Con Review: ConGregate Premier—Stackpole & Zahn Writing Workshops

by Erin Ashley

 

Greetings from ConGregate 2017, where Michael A. Stackpole and Timothy Zahn were both on hand to run the convention’s writing workshops. Con-goers who wanted to attend could pay for all nine of the classes in advance for a discount or pay $10 per class when the convention started. Either way, we received our money’s worth. 

Mr. Stackpole’s classes included Finding The Story, World Building 101, 21 Day To A Novel, Characterization, Advanced Characterization, Plotting, and Writing Serial Fiction.

  • Finding The Story: Mr. Stackpole gives a number of basic plot recipes. While this might sound formulaic, it’s more about discovering the pieces that you MUST have in a certain type of story to give the readers the experience that they want. Then your particular characters, settings, and twists give your manuscript its unique flavor.
  • World Building 101: Mr. Stackpole explains how civilizations have historically developed and how to use that knowledge to build your own societies. Then, he takes it a step further, helping young authors find the conflicts inherent in the worlds that they build, how the different levels of society interact with different parts of the world, and how the power gradient flows between different people and levels in the world. 
  • 21 Days To A Novel: This is not how to write an entire novel in 21 days (that’s NaNoWriMo on steroids). It’s 21 days of exercises to help develop the characters, plot, setting, and conflict that you need to get your story rolling. So, it’s more 21 Days of Planning A Novel. Even if you already have your novel planned or are an avid discovery writer, these exercises are great diagnostic tools, if you should find yourself stumped or hitting writers’ block.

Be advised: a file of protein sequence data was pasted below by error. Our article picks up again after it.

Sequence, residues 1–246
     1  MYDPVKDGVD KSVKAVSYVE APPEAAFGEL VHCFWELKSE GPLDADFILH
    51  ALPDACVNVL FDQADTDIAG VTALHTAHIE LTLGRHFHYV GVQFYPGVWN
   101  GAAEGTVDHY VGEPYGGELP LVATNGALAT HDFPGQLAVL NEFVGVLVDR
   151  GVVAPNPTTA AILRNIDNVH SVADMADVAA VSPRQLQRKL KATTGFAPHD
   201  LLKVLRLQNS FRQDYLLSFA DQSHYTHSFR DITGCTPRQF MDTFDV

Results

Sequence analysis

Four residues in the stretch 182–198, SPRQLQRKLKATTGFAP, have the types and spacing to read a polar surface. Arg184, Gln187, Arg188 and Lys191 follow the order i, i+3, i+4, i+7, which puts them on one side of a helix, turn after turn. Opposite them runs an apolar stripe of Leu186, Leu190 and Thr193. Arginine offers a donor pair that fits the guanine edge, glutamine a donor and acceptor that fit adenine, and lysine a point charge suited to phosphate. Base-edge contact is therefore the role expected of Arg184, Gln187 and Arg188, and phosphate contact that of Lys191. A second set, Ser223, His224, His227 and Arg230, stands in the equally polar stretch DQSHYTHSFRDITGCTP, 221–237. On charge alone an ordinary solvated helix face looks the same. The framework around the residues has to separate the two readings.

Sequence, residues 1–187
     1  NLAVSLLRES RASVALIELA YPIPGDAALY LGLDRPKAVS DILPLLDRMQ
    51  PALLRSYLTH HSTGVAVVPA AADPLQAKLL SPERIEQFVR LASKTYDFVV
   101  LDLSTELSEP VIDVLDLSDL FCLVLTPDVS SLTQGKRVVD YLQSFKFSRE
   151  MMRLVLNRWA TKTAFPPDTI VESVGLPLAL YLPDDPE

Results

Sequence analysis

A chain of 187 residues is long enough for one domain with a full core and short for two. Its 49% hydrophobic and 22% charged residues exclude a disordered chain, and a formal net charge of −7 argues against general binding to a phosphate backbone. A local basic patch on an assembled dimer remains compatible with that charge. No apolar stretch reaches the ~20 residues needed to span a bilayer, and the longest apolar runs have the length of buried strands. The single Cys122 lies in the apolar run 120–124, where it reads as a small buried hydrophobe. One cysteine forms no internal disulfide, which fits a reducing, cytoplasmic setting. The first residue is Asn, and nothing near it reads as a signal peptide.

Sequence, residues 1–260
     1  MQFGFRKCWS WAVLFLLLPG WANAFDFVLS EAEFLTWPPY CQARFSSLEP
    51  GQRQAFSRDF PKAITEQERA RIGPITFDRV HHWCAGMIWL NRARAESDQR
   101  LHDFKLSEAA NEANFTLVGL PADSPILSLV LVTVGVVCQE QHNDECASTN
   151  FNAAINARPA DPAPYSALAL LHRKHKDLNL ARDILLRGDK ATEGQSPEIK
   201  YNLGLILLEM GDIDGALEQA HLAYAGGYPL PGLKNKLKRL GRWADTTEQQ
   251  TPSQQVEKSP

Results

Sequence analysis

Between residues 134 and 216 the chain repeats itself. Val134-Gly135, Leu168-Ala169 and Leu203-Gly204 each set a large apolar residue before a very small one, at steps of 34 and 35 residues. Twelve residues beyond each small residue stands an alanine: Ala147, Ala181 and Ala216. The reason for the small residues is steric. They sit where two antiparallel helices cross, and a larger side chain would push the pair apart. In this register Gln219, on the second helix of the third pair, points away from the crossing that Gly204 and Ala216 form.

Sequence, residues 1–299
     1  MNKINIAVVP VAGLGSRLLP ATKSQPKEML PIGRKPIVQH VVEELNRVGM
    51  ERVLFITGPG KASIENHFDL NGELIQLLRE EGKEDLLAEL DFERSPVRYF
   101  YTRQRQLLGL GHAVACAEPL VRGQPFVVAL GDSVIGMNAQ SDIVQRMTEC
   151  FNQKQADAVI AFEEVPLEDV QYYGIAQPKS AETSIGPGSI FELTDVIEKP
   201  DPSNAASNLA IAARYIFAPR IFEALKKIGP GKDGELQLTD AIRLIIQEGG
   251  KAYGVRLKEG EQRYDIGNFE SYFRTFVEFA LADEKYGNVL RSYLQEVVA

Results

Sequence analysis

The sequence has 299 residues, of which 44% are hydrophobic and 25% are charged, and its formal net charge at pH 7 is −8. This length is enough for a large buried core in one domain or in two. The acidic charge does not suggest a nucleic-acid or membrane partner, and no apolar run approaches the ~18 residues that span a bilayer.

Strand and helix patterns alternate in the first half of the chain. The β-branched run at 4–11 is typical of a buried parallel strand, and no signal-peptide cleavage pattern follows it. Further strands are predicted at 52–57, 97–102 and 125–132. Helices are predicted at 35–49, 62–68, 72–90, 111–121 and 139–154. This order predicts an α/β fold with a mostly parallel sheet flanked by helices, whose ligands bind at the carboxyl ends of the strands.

• Characterization and Advanced Characterization: If you decide to take the classes a la carte, I recommend taking both of these together. They flow and combine together easily, and you (the class member) get even greater ideas on how to characterize well and in a hurry. Mike gives the class a number of characterization systems and explains the pros and cons of each. He also explains the need for characters to have growth arcs and how to show them to the reader. Mike gives the class a list of specific traits that the most enduring characters have, and how to impart them to your own characters. In case you get writer’s block during character creation, he gives you a series of questions and exercises to help shake things loose. These exercises also help build conflicts into and around your characters to make them more effective in the story and more interesting to readers. 
  • Plotting: Mike takes a specific story idea and walks the class through building the story. He shows the tropes, pitfalls, and cliches (so easy to fall into) and how to use them to trick the reader into looking one way, while you build the story in another. He also shows how to seed the little bits of information through the story, so that when the twist comes it is “surprising and inevitable”. If you are having trouble twisting your plots together to achieve the effect on the reader that you want, you need this class.
  • Serial Fiction: Mike explains how the internet is changing the industry to incorporate more serial works. While we all enjoy a great book series, there are also serialized short story pieces—like newspapers produced more than 100 years ago. Now, that market is open on the internet again. Think Serialbox.com and similar sites. With that in mind, Mike teaches you how to break longer works into shorter ones, plot a series (even a book series) in advance, seed the little story nuggets that pull the reader through one episode into another, and more. Continuity is king here! Readers will notice if you accidentally switch a newborn’s gender in a romance series, etc. Few things kick a reader out of the story faster.